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There are some things we can understand easily. There are some things we can only grasp with effort. And there are some things that are so profound that we’ll never be able to get our minds around them completely.
I’m a fan of space. I love hearing about the findings of physicists, astronomers and cosmologists. I don’t understand all the intricate details of how they work it all out. I know just enough maths and physics to appreciate something of what they’re doing, and to realise how little I really know, and how small I am. Take millisecond pulsars, for example. A gigantic star, millions of light years away, explodes in a huge supernova. It creates a fireball ten million billion billion times bigger than the Hiroshima explosion. In its ashes, it leaves behind a neutron star made of dense atomic nuclei, squashed together at a density 10 trillion times greater than steel. A teaspoon full of neutron star weighs about the same as all the water in Sydney Harbour. Sometimes this neutron star will steal matter from a nearby star and start spinning. Some neutron stars spin hundreds of times a second: a whole star rotating as fast as an idling car engine. Many of these super-dense, revving stars send out pulses of electromagnetic radiation, milliseconds apart. We could use these millisecond pulsars as standard clocks, to help us to detect gravitational waves, explore space-time bending, and understand more about the tiniest particles in the universe.
Could we ever travel to a neutron star? Imagine you could get into the fastest jet on earth. Last time I checked, this was the SR-71 Blackbird. Its official speed record is almost 4,000 km per hour. Now imagine you could speed it up 100 times to 400,000 km per hour. Then imagine you could take it on a trip to space. It would take you an hour to get to the moon. It would take you 8 days to get to Mars, the closest planet to Earth. It would take you 4 months to get to the planet Saturn. It would take you a year and a half to get to the (now ex-) planet Pluto at the edge of our solar system. To get to the closest star to the Sun, Proxima Centauri, it would take you 12,000 years. To get to the centre of our own Milky Way galaxy: 80 million years. To the next closest galaxy, Andromeda: 7 billion years. To the edge of the visible universe: 40 million, million years. And they think the size of the non-visible universe—which, by definition, we can never penetrate—is vastly huger than this: a million, million, million, million…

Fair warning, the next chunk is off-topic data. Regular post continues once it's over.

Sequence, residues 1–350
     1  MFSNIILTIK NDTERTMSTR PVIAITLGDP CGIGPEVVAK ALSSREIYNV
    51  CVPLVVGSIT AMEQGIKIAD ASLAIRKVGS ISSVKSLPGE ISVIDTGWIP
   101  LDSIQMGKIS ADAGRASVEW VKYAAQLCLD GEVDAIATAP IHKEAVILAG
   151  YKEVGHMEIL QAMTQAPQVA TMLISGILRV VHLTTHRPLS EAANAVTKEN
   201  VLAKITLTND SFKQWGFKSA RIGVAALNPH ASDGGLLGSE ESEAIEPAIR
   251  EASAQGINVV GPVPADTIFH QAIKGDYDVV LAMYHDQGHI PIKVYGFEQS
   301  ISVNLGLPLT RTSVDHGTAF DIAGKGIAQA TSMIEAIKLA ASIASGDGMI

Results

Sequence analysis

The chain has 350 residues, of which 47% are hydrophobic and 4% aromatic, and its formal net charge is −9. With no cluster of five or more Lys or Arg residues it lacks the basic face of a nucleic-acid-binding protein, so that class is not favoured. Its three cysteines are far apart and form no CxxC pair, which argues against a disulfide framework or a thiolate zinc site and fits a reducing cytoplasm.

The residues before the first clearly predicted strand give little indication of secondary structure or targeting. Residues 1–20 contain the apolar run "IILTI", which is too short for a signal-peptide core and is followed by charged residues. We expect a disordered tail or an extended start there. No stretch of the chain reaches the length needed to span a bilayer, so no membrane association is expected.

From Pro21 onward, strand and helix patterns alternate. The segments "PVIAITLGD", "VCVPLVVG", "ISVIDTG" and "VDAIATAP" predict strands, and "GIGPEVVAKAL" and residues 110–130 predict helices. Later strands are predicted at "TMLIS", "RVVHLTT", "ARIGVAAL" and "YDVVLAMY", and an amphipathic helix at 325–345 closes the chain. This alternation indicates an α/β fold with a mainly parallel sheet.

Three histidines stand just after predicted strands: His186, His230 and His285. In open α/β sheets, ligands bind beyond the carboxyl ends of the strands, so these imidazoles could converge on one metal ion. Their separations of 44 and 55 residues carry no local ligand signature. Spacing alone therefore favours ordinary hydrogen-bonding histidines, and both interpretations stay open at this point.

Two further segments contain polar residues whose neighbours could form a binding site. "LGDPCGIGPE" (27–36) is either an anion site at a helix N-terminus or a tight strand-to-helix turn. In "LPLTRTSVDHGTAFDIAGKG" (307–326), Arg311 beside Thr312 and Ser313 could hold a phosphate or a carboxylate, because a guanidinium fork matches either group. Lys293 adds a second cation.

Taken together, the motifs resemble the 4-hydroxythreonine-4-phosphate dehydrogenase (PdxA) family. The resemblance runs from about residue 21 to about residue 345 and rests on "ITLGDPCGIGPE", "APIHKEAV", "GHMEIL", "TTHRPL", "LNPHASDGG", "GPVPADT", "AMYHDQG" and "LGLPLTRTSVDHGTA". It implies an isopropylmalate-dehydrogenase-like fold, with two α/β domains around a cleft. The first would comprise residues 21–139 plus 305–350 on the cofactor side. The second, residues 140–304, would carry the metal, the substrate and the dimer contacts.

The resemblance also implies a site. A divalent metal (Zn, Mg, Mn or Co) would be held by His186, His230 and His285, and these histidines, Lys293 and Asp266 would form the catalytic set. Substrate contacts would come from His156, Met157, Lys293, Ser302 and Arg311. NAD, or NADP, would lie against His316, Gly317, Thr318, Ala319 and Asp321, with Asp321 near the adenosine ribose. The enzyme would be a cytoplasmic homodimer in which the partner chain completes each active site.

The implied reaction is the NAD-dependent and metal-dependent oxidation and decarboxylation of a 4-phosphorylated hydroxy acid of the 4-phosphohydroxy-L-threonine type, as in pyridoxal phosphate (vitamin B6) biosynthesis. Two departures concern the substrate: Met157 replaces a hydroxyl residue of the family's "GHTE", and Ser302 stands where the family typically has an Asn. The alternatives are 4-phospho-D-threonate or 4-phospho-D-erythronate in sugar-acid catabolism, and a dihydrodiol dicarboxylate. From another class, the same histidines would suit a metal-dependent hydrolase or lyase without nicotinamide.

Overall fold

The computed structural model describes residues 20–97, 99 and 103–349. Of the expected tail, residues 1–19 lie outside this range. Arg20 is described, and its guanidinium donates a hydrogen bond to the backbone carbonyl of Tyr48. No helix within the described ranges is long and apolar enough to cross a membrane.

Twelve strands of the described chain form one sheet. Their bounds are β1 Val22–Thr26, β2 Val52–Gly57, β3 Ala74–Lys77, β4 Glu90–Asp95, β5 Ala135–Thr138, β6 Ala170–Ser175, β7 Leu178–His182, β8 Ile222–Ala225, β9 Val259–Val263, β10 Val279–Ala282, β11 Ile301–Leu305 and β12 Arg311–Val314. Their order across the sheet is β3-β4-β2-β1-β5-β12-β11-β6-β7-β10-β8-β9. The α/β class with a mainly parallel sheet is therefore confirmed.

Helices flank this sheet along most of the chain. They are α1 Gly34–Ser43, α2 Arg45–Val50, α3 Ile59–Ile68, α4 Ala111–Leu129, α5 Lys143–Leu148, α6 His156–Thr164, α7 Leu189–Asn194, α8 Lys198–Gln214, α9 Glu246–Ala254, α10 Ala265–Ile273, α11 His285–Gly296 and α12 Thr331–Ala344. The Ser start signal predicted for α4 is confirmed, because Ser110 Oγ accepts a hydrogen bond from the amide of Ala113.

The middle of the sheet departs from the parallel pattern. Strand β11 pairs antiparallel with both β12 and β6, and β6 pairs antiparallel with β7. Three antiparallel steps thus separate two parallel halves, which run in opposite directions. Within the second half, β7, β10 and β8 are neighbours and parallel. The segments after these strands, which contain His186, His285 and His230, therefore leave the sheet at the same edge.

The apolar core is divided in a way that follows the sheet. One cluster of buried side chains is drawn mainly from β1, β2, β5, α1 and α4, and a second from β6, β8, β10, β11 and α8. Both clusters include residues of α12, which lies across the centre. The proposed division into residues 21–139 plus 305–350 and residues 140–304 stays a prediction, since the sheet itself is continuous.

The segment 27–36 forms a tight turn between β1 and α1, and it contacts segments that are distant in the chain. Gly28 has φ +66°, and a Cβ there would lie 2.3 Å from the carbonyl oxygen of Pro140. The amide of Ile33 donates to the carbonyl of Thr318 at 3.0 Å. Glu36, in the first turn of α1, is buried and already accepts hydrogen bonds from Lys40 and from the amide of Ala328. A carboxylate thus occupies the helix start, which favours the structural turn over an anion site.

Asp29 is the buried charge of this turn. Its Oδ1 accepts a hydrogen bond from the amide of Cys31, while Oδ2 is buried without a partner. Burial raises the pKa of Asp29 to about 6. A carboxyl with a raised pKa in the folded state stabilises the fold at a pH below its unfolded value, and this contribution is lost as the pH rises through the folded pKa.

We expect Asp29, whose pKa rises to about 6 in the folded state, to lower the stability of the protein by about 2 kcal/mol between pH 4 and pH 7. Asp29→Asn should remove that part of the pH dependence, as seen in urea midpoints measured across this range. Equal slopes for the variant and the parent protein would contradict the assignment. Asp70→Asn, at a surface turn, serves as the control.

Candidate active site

The universe is, to borrow a phrase from Douglas Adams, “vastly hugely mind-bogglingly big”. But apart from astronomers and cosmologists, we don’t tend to look up very much, do we? We have so many lights on earth, especially in our cities, that they drown out the lights of the stars and the planets. We don’t use the night time to look up at the heavens; instead, most of us use the night time to look down, to focus our attention on our devices and screens, to immerse ourselves in virtual worlds online, filtered and tailored to match our personal preferences. And so, compared to the size of the real world (let alone our universe!), the dimensions of our private personal worlds are often vanishingly small.
In these verses in Ephesians, the apostle Paul is praying that people’s worlds would expand, and that their minds would be blown. He is praying for people who have come to believe in Jesus Christ. He wants them to see how huge this is. He’s not talking about physical space and physical knowledge (though this is mind-blowing enough). Rather he’s talking about something even greater: knowing the purposes and character of God, the creator of the universe.
I pray so that you would be able to grasp, together with all the holy ones, what is the breadth and length and height and depth, and to know the love of Christ which goes beyond knowledge, so that you might be fulfilled with all the fulfilment of God.Ephesians 3:18–19
The size of God’s plan
Paul begins: “I pray so that you would be able to grasp, together with all the holy ones, what is the breadth and length and height and depth”. Paul prays that believers will be able to understand the huge dimensions of something. Of what? Paul doesn’t say explicitly. But the words Paul uses here are words used hundreds of years before by the prophet Ezekiel. Paul has already referred to ideas from Ezekiel a few times in his letter so far (e.g. in Ephesians 2:1–10). So he’s probably referring to Ezekiel here as well. What was Ezekiel talking about when he used these words about breadth and length and height and depth?
At the time Ezekiel wrote, God’s people Israel were in a situation of great suffering and despair. They were living in exile in Babylon, as a result of God’s judgment for their sins. They were away from home, and oppressed by ungodly authorities and powers. In this situation, Ezekiel received a great vision about what God was going to do in the future. It was a vision of a temple. The old temple in Jerusalem had been the place where God had dwelled among his people. But because of Israel’s sins against God, God had left the building, the temple and the city had been destroyed, and the people had been taken to a foreign land. But even in this situation of judgment and despair, God gives Ezekiel a vision of a future temple: a temple of enormous proportions. In that temple there was an altar, and the vision describes that altar in terms of its “height”, its “breadth”, its “length”, and its “depth” (see Ezekiel 43:13–17). This would be an altar where God would again show his love for his people. Sacrifices for sin would be made there, sin would be atoned for, God’s wrath would be turned away, and God would dwell again among his people.